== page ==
The fourth pillar and the watch dogs of our democracy-the media, seem to deviate from the fundamental tenets of the profession. True, the proactive role of some of the media cannot be ignored; but a number of them consider impartiality, objectivity, truthfulness and balance as outdated and impractical. One feels that rumors and fake news are being used as merchandise for a more profitable media industry. Will we see at least a semblance of the old world virtues of the profession making a comeback in 2019?

General elections are less than a hundred days away. The shape of things to come would depend on how fairly the elections are fought. Will they be fought on real issues and on problems facing the teeming millions of the country? Or will they be acrimonious and fought on empty promises, emotional and sectarian issues or will they be fought on real issues that can improve the lives of our people? 2019 is going to be a momentous year in the country’s history.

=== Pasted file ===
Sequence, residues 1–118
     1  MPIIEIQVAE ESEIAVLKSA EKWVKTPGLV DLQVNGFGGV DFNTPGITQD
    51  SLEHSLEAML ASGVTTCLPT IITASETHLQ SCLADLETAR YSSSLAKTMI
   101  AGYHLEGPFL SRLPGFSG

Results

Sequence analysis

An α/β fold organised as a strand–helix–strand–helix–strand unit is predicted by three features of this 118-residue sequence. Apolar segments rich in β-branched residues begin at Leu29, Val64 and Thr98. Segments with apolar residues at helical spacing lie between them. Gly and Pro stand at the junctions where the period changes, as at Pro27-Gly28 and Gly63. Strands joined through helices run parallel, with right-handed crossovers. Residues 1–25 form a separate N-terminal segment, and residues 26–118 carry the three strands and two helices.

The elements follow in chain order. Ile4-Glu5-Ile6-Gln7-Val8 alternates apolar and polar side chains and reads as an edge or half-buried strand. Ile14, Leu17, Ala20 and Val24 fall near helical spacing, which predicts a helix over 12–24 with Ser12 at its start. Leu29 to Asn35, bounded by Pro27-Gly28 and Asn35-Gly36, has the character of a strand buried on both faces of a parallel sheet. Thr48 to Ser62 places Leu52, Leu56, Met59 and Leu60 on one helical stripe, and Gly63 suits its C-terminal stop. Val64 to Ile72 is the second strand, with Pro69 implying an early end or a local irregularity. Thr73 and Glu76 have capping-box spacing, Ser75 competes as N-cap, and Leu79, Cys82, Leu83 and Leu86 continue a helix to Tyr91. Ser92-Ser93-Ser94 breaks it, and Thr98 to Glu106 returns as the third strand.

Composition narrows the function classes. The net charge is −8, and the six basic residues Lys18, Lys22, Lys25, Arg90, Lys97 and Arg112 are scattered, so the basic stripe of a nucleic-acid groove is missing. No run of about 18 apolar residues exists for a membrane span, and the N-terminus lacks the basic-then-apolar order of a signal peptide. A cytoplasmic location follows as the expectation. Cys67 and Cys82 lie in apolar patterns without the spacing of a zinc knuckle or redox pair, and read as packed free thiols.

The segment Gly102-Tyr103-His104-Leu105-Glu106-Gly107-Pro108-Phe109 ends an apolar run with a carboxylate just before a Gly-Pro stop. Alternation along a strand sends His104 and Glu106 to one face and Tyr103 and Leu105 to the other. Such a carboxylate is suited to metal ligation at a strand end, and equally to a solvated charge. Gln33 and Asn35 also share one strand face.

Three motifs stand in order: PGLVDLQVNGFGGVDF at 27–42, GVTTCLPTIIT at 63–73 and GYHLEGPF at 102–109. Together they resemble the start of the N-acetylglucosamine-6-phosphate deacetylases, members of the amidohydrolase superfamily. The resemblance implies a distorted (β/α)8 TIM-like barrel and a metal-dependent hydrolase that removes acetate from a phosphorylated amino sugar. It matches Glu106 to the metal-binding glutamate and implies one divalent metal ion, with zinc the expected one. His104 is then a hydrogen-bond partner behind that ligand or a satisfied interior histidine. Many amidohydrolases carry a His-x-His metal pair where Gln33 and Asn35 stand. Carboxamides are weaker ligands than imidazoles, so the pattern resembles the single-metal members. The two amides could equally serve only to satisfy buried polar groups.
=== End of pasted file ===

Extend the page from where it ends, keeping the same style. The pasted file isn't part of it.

One considers it apt to quote an earnest and oft repeated prayer of Gurudev Rabindranath Tagore in Gitanjali to conclude one’s musings:-

“Where the mind is without fear

and the head is held high,

Where knowledge is free .

Where the world has not been

broken up into fragments by

narrow domestic walls

Where words come out from the

depths of truth

where tireless striving stretches

its arms toward perfection

Where the clear streams of reason

has not lost it’s way

into the dreary desert sand of

dead habit

Where the mind is led forward by


into ever widening thought and


Into that heaven of freedom, my



- Prof. T. K. Thomas, Senior Journalist.

(The views expressed in the article are those of the author).